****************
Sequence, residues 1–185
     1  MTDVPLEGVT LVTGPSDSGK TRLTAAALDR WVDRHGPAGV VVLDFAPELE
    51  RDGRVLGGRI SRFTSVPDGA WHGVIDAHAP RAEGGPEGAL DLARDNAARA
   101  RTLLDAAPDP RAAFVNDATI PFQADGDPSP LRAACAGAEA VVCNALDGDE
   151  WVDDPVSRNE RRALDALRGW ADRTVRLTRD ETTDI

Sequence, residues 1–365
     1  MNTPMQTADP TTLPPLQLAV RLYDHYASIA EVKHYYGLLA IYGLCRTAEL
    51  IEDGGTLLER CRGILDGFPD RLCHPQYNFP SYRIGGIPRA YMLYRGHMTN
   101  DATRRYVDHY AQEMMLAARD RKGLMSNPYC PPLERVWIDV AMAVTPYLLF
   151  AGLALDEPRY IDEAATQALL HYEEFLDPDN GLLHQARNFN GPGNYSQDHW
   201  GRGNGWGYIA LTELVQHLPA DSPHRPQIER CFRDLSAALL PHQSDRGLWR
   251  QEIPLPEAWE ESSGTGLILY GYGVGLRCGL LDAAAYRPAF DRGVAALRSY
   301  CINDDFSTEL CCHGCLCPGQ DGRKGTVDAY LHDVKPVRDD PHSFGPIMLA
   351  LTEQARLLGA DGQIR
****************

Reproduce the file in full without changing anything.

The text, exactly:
Sequence, residues 1–185
     1  MTDVPLEGVT LVTGPSDSGK TRLTAAALDR WVDRHGPAGV VVLDFAPELE
    51  RDGRVLGGRI SRFTSVPDGA WHGVIDAHAP RAEGGPEGAL DLARDNAARA
   101  RTLLDAAPDP RAAFVNDATI PFQADGDPSP LRAACAGAEA VVCNALDGDE
   151  WVDDPVSRNE RRALDALRGW ADRTVRLTRD ETTDI

Sequence, residues 1–365
     1  MNTPMQTADP TTLPPLQLAV RLYDHYASIA EVKHYYGLLA IYGLCRTAEL
    51  IEDGGTLLER CRGILDGFPD RLCHPQYNFP SYRIGGIPRA YMLYRGHMTN
   101  DATRRYVDHY AQEMMLAARD RKGLMSNPYC PPLERVWIDV AMAVTPYLLF
   151  AGLALDEPRY IDEAATQALL HYEEFLDPDN GLLHQARNFN GPGNYSQDHW
   201  GRGNGWGYIA LTELVQHLPA DSPHRPQIER CFRDLSAALL PHQSDRGLWR
   251  QEIPLPEAWE ESSGTGLILY GYGVGLRCGL LDAAAYRPAF DRGVAALRSY
   301  CINDDFSTEL CCHGCLCPGQ DGRKGTVDAY LHDVKPVRDD PHSFGPIMLA
   351  LTEQARLLGA DGQIR